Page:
- The Washington Times - Sunday, November 6, 2005

It’s easily the most tired ploy used by rock-concert performers to generate crowd noise: yelling out the name of the city where they’re performing (memorably lampooned by Spinal Tap’s “Hello Cleveland!”).

Given that, you’d think some of today’s successful acts, whose album sales to teens guarantee an energetic audience, would resist the temptation to utter such claptrap.

Think again.

At Saturday night’s otherwise-enjoyable Gwen Stefani/Black Eyed Peas double bill at the Patriot Center, not only did both acts stoop to this silliness, they also resorted to novel elocutions in an attempt to draw a closer connection with the locals. Miss Stefani repeatedly (and exclusively) referred to Fairfax as if it were the place that everyone in the audience called home — and even declared the existence of something heretofore unknown to this region’s music fans: “Fairfax rhythm.” One of the Peas made a more diplomatic, albeit awkward, attempt to capture the crowd’s geographic sympathies, referring to them as “Baltimore, Virginia, D.C.”

However, the teenage girls who dominated the audience probably didn’t even notice the geographic faux pas. They came to see and hear the hits, and they got what they paid for.

The Peas offered stirring renditions of “My Lumps,” “Let’s Get Retarded,” and “Where is the Love?” While the band was high energy throughout its short set, its sole female member, Fergie (formerly of the Spice Girl-inspired Wild Orchid), appeared to be trying just a little too hard to prove her worth. Wearing a monkey hand puppet during “Retarded” was an overly-cute tribute to the band’s current album, “Monkey Business.”

Miss Stefani stuck to her new material, opting not to play anything from her rich No Doubt oeuvre. The songs were performed well, but they were often secondary to the tightly choreographed dancing (carried out by her team of Japanese harajuku girls and break-dancing men), the multiple costume changes and the video montages (many of them featuring arena-sized close-ups of — who else? — Miss Stefani). Even if you weren’t moved by the rap-influenced dance-pop spiced with rock — “Orange County Girl” was a particular standout — the emerging style icon performed them with gusto, sashaying around the three-level stage, often in high heels that accentuated her deceptively long legs (though she’s only 5 feet 6 inches) and well-toned physique. In between songs, she switched from purring sweet nothings to the crowd in her kittenish voice (“It’s true that I am the luckiest girl in the world”) to uttering vacuous statements that were often laced with profanities.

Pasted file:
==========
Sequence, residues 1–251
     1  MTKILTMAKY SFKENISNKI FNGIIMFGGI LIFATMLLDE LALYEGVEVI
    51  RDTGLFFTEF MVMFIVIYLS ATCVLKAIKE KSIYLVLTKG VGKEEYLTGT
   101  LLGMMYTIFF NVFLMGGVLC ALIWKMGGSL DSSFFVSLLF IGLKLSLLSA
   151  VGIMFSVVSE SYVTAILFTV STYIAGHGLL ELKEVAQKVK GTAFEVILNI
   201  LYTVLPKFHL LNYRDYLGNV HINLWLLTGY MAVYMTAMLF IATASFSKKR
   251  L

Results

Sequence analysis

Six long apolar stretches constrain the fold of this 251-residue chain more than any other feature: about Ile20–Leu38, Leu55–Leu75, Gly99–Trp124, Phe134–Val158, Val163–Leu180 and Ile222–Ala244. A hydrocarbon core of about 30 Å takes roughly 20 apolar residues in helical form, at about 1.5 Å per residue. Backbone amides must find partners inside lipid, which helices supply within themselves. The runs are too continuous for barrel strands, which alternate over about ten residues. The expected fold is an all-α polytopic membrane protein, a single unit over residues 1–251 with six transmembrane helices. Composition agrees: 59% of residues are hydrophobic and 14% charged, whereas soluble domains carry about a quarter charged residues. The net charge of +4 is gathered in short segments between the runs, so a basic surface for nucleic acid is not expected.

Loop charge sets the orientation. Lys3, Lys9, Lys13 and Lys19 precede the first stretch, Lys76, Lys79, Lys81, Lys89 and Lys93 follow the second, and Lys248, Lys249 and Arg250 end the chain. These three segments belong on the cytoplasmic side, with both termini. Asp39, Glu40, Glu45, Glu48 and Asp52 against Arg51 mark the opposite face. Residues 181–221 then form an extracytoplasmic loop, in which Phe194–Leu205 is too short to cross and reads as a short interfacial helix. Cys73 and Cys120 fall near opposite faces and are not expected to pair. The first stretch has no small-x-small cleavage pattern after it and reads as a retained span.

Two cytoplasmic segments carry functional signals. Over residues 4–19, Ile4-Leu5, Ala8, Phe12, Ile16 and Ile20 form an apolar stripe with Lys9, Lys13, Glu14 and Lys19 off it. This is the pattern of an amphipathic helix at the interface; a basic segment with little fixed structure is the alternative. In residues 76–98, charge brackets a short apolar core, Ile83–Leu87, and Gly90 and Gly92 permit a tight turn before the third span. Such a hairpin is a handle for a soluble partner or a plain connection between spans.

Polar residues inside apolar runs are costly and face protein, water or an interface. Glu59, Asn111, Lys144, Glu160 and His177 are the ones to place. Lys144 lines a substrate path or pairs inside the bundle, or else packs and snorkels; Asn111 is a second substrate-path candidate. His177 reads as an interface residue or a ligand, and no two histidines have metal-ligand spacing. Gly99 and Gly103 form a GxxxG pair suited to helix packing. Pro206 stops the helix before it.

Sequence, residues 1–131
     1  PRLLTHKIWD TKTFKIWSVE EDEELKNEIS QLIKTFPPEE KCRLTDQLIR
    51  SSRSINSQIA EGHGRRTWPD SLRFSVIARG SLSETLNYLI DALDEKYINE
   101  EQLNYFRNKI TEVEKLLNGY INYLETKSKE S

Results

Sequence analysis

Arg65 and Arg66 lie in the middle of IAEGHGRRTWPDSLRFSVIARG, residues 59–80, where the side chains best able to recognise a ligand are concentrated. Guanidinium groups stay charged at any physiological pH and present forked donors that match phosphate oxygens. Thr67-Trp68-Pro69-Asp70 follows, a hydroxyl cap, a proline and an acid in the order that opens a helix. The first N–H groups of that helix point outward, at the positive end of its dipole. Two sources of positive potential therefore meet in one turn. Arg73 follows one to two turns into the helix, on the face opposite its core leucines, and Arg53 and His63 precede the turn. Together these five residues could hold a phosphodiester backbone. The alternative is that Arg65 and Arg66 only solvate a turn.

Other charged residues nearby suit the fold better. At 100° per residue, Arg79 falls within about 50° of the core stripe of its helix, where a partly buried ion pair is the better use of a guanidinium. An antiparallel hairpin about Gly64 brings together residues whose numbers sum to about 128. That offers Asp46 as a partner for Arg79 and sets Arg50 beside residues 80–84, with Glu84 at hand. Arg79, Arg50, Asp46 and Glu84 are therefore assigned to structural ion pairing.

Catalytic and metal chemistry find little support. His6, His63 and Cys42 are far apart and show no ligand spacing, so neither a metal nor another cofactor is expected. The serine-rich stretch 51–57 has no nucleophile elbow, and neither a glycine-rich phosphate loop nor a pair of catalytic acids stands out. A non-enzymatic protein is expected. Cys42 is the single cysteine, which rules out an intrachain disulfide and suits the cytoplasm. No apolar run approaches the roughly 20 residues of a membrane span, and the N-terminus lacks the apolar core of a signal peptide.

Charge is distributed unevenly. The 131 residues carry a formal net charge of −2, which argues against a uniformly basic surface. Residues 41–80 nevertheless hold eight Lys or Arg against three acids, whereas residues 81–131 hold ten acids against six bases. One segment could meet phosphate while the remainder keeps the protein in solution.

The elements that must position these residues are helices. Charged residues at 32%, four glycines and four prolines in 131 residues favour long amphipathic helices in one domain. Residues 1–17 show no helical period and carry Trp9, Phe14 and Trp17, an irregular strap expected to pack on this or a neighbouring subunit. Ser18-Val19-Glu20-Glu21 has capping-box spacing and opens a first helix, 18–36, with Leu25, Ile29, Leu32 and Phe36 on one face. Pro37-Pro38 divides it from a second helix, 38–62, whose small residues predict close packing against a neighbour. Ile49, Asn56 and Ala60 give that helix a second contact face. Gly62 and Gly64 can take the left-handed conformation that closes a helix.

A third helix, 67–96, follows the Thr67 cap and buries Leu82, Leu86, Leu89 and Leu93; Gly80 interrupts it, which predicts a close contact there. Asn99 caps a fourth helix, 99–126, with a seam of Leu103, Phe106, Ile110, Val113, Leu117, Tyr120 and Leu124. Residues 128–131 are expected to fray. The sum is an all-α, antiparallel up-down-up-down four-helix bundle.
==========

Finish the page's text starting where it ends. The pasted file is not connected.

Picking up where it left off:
Predictably, the evening closed with her mega-hit, “Hollaback Girl,” purportedly the most downloaded song in the (admittedly brief) history of downloadable music. Miss Stefani appeared in a blue drum-major uniform, and brought about 50 teeny-boppers on stage to join in the singing and dancing. It was a nice touch, and one they’ll surely all remember — even if they showed no evidence of possessing that elusive “Fairfax rhythm.”



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